Low-res laptop cams contribute to facial recognition hack

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Low-res laptop cams contribute to facial recognition hack

Webcam image resolution and compression are likely contributors to weaknesses in laptop facial recognition systems exposed by Vietnamese researchers at the Black Hat conference, according to a Hitachi Australia product specialist.

Webcam image resolution and compression are likely contributors to weaknesses in laptop facial recognition systems exposed by Vietnamese researchers at the Black Hat conference, according to a Hitachi Australia product specialist.

Aaron de Leon said that although details of the hacks were scarce, his opinion was that the demonstration was indicative of the risks of using biometric systems that scan external - rather than internal - parts of the user's body.

He said that standard webcams on laptops typically capture at resolutions of 800x600 active pixels.

The low resolution of the resulting image could make it easier to ‘trick' the laptop into allowing access to data and files.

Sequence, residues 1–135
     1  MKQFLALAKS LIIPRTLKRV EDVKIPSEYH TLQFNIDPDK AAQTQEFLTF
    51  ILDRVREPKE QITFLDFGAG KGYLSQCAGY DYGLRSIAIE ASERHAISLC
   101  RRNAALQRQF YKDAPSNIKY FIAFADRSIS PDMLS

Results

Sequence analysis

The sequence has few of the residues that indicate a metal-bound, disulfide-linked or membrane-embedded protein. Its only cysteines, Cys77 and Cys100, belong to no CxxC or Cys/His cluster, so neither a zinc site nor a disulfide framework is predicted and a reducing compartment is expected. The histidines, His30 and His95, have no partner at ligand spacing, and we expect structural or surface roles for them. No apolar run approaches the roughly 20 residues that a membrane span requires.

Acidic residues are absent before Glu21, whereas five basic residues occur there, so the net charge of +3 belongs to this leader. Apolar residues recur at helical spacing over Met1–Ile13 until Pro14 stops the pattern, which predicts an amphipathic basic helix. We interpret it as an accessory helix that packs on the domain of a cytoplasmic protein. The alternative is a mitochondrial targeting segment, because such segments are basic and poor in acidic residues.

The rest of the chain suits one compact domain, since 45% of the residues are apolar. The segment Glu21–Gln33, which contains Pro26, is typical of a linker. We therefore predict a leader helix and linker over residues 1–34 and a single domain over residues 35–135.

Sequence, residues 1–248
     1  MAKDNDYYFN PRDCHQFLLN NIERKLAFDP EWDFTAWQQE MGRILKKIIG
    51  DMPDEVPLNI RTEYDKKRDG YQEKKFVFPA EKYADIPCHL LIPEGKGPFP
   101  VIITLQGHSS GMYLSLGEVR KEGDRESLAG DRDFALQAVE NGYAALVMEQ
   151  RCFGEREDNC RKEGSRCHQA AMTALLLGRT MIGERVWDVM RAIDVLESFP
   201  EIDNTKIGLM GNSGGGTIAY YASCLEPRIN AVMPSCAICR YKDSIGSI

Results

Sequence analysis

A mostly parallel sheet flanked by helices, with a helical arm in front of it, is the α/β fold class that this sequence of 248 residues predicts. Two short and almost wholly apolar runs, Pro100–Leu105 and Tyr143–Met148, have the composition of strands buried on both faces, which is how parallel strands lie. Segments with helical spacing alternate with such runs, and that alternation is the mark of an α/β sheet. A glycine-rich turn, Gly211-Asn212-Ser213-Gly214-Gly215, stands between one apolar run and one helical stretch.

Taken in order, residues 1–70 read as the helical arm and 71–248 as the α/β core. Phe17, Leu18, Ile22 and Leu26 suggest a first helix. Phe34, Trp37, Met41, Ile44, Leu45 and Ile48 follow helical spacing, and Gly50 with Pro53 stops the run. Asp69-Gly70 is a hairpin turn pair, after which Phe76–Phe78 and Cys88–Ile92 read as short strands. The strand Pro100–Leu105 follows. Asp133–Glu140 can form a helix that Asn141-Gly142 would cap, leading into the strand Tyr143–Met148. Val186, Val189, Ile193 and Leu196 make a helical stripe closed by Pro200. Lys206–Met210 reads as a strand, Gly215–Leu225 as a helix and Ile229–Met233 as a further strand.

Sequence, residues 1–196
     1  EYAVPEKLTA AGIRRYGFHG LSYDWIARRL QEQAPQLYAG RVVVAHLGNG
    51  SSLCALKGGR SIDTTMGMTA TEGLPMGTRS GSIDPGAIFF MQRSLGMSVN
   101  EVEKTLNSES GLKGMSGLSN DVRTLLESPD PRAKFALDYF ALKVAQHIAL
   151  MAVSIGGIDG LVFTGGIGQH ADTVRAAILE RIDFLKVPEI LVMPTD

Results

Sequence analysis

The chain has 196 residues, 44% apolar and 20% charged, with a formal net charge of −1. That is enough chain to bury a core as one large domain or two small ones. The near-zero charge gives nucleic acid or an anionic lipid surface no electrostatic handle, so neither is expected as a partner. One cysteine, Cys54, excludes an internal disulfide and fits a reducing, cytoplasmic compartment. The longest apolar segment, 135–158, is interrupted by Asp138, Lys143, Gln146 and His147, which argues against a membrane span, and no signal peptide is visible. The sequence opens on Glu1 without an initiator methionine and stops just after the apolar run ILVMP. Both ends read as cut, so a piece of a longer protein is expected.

"If the photo is taken by a cheap CCD module then certainly this could happen," de Leon said.

"Even though the image is taken at 800x600, it then needs to be reduced to some extent because you need a smaller sized file to use it in a biometric application.

"If you want to be able to authenticate the user in less than five seconds, the file size has to be very small - certainly less than a Megabyte."

De Leon did not agree that PC makers such as Lenovo, Asus and Toshiba should issue an alert to customers to stop using facial recognition systems on their laptops.

But he did say "they should use a more accurate type of biometric technology for PC logon applications".

Hitachi Australia has brought finger vein-scanning technology to Australia in the past 18 months.

De Leon pushed the technology as a more reliable biometric alternative for PC logon but acknowledged the cost per unit was up to three times more than the facial recognition systems exploited at Black Hat.

He said the technology had been implemented in "small scale projects" in Australia, predominately in the hospitality sector and through implementation partners such as Argus and Time Target.

Hitachi has also tried to get a foothold in the banking sector for physical access applications but the discussions have yet to bear fruit.

"We had some discussions about 15 months ago," said de Leon.

"We still keep in touch with the banks through a systems integrator and plan to revisit them in May."

De Leon said that Hitachi was seeking additional partners to bolster its finger vein-scanning presence in the market and also to help it achieve local security certifications.

 

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